A strange thing is happening in India.
Liberalization ended in 1991 and private sector got a bigger say in the economy. One-party rule ended in 1995 at the national level and coalition partners finally had a say. Regional political players started flexing their muscles and the Indian middle class finally became important in the scheme of things. They are very active and vocal in cyberspace.
We are a flourishing democracy on the path to modernization and as a result of the above facts, you’d expect that a general level of tolerance would be on the rise but the converse is happening. India is becoming an increasingly intolerant nation.
First of all it is quite difficult to believe that the Congress has just 206 seats in the Lok Sabha, well short of the majority. While it was sincere till 2009, after that it has got increasingly arrogant and dictatorial. It has the rudest bunch of spokespersons and one wonders how they are allowed to operate at such a crude level.
Allies are no longer taken into confidence and civil society is now treated with absolute contempt. The Ramlila Grounds action taken against Baba Ramdev last year was totally dictatorial, but they totally got away with it.
But what is really worrying is their utter intolerance of dissent in cyberspace. In that one regard, India is turning further and further away from democracies and resembling authoritarian states like China along with failed nations like Pakistan.
One look at the list of banned sites, URLs and profiles floating around in cyberspace shows that it is less about communal disharmony and more about silencing critical voices along with right wing views which the Congress abhors.
It was bad in 2011 and worse in 2012. With two more years to go for the term of this UPA government, one shudders to think what they will do next. It is no wonder that #Emergency2012 was trending on Twitter.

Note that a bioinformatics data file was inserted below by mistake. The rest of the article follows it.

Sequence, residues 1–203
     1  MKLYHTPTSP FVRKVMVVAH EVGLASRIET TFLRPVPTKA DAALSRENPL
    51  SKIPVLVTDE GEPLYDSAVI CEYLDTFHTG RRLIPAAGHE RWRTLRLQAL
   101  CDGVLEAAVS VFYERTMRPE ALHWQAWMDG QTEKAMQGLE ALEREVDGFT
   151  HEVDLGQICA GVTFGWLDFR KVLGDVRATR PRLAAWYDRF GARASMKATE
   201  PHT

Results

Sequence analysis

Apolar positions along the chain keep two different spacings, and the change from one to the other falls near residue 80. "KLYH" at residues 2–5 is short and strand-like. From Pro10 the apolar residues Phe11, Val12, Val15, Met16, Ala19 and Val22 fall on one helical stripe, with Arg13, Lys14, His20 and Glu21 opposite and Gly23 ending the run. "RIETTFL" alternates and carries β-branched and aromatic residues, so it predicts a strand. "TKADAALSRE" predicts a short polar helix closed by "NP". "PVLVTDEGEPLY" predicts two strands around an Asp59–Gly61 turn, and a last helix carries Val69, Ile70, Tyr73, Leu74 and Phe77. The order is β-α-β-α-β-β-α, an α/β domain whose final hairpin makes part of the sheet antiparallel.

The state governments are no better. West Bengal was under Communist rule for decades. The communist ideology is by its very nature authoritarian, but Mamata Banerjee has taken it a notch above that with her intolerant attitude.
Asking questions to the government is the new crime in West Bengal. Even a student asking a simple question on a public forum was not spared and labelled a Maoist. If that was bad, then things got worse when a man was arrested for asking another question.
The rest of the states fare no better with many Chief Ministers behaving like autocrats and not tolerating any form of dissent or constructive criticism.
But the governments are not the only culprits. Intolerance is spreading across the society.
We were liberalized in 1991 and this is the new millenium, but there is still a large male population which cannot tolerate women drinking and wearing Western clothes. One just has to remember the Mangalore pub attack and another one in a party going on in a home stay.
Then there was the shocking video which captured the molestation of a girl in Guwahati. Male chauvinism was on display at all levels. The worst part is the statements made by police and authorities that imply that girls in skimpy dresses are actually asking for it. That’s as intolerant to modern society as you can get.
While the Assam violence where 5 lakh people have been displaced is a catastrophe, what is shocking was the violence in Lucknow and Mumbai and the SMSes and threats that the North Easterners faced in Bangalore.
India is increasingly being intolerant of any kind of criticism and creativity. Just look at the number of protests that books and films face.
The inadvertent use Bombay instead of Mumbai in a film is cause for violence. A celebrity waving our national flag upside by mistake is a national issue. The movie Dirty Picture being shown on TV with umpteen cuts is not tolerated and someone goes to court against it. Cartoons which have been appearing in text books for ages suddenly have to go.
Instead of progressing into a liberal society, India seems to be increasingly regressing into one of intolerance.
More by this authorWhy the Congress will continue to be like that onlyThe true champions of Test cricketIndia’s best chance to claw back to the top